Crossing Borders, Claiming a Nation: A History of Argentine Jewish Women, 1880-1955 (Paperback)Sandra McGee Deutsch (author)
- Publisher out of stock
Drawing on extensive archival research and original oral histories, Deutsch tells the stories of individual women, relating their sentiments and experiences as both insiders and outsiders to state formation, transnationalism, and cultural, political, ethnic, and gender borders in Argentine history. As agricultural pioneers and film stars, human rights activists and teachers, mothers and doctors, Argentine Jewish women led wide-ranging and multifaceted lives. Their community involvement-including building libraries and secular schools, and opposing global fascism in the 1930s and 1940s-directly contributed to the cultural and political lifeblood of a changing Argentina. Despite their marginalization as members of an ethnic minority and as women, Argentine Jewish women formed communal bonds, carved out their own place in society, and ultimately shaped Argentina's changing pluralistic culture through their creativity and work.
Publisher: Duke University Press
Number of pages: 396
Weight: 567 g
Dimensions: 235 x 156 x 25 mm
"Sandra McGee Deutsch has written a remarkable book, filled with compelling details and prodigious analysis, rich oral histories and archival research. The stories she tells come alive in ways no other scholar has achieved. Crossing Borders, Claiming a Nation is poised to become a classic."-Temma Kaplan, author of Taking Back the Streets: Women, Youth, and Direct Democracy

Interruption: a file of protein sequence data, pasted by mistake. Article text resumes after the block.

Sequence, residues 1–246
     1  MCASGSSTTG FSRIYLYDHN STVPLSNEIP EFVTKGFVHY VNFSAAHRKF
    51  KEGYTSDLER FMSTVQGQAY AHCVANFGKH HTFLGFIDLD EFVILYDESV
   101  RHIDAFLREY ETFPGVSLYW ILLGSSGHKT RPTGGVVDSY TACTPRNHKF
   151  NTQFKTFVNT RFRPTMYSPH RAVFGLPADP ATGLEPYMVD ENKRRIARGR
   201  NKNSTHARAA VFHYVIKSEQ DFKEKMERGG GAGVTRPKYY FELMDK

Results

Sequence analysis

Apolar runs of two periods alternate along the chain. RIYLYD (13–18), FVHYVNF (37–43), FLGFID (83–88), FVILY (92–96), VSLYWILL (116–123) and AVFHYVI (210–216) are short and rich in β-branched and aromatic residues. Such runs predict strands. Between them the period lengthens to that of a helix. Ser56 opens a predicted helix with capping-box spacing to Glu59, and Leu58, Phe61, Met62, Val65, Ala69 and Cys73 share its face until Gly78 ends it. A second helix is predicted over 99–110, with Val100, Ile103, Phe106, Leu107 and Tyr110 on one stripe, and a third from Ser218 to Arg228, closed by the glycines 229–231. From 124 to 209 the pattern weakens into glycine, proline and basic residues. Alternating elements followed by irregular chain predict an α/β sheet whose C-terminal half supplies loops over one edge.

"Based on a wide variety of primary and secondary sources, written documents and oral history, this book is highly recommended to anyone interested in Latin American ethnic studies or in the history of women in this region. It will be particularly helpful to students and scholars of Jewish Latin America." -- Raanan Rein * Hispanic American Historical Review *
"Sandra McGee Deutsch's book is a pioneering contribution to Latin American histories of immigration and state formation; it represents the first scholarly monograph to tell the story of immigrant women of any background in the region.... This is a fascinating and highly readable book that should inspire new research to determine just how exceptional Jewish Argentine women really were, and how their stories of national belonging compare to those of other immigrant and women's groups in Latin America."
-- Jadwiga E. Pieper Mooney * American Historical Review *
"The publication of Sandra McGee Deutsch's Crossing Borders, Claiming a Nation marks a major contribution to the history of Jews in Argentina as well as to women's history. Her nuanced and engaging stories of women from the right, the left, and the center of the Argentine Jewish community and their efforts to distinguish themselves beyond the realm of hearth and home represents the first major monograph on Jewish women in the Southern Hemisphere." -- Donna Guy * H-Net Reviews *
"I found this book almost impossible to put down. It is written in clear and elegant language, with a balance of historical archival research and personal oral histories... Her book is a magnificent historical meditation that explores a variety of topics in nation-building narratives, ranging from the roles of Jewish women in rural areas and their participation in establishing farms and communities to the roles of urban women in education, politics, and the arts... I am certain that this exemplary book will be a model for future historians interested in gender studies of immigration and Judaism, as well as the specific experience of Jewish women in Argentina... It is the work of a passionate and brilliant historian who is at the same time objective, accurate, deeply personal, and deeply human." -- Marjorie Agosin * Outlook *
"In her remarkable book Crossing Borders, Changing a Nation, Sandra McGee Deutsch sets out to recover their voices and tell several of the untold stories of the hitherto silent half of the Jewish population in that region.... [T'his book is highly recommended to anyone interested in Latin American ethnic studies or the history of women in this region." -- Raanan Rein * Latin American Research Review *